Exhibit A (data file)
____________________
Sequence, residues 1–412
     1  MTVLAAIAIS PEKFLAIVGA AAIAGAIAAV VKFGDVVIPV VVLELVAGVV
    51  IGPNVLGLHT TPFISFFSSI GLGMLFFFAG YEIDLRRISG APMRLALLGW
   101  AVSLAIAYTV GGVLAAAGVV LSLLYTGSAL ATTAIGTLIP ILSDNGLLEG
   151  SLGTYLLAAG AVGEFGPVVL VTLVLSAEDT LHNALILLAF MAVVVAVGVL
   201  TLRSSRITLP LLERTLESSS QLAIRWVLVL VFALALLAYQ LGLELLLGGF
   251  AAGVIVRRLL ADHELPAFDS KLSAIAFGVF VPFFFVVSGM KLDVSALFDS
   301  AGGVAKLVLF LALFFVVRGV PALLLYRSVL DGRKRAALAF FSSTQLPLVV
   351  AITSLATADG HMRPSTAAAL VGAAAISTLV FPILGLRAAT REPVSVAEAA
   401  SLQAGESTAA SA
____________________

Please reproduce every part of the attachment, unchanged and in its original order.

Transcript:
Sequence, residues 1–412
     1  MTVLAAIAIS PEKFLAIVGA AAIAGAIAAV VKFGDVVIPV VVLELVAGVV
    51  IGPNVLGLHT TPFISFFSSI GLGMLFFFAG YEIDLRRISG APMRLALLGW
   101  AVSLAIAYTV GGVLAAAGVV LSLLYTGSAL ATTAIGTLIP ILSDNGLLEG
   151  SLGTYLLAAG AVGEFGPVVL VTLVLSAEDT LHNALILLAF MAVVVAVGVL
   201  TLRSSRITLP LLERTLESSS QLAIRWVLVL VFALALLAYQ LGLELLLGGF
   251  AAGVIVRRLL ADHELPAFDS KLSAIAFGVF VPFFFVVSGM KLDVSALFDS
   301  AGGVAKLVLF LALFFVVRGV PALLLYRSVL DGRKRAALAF FSSTQLPLVV
   351  AITSLATADG HMRPSTAAAL VGAAAISTLV FPILGLRAAT REPVSVAEAA
   401  SLQAGESTAA SA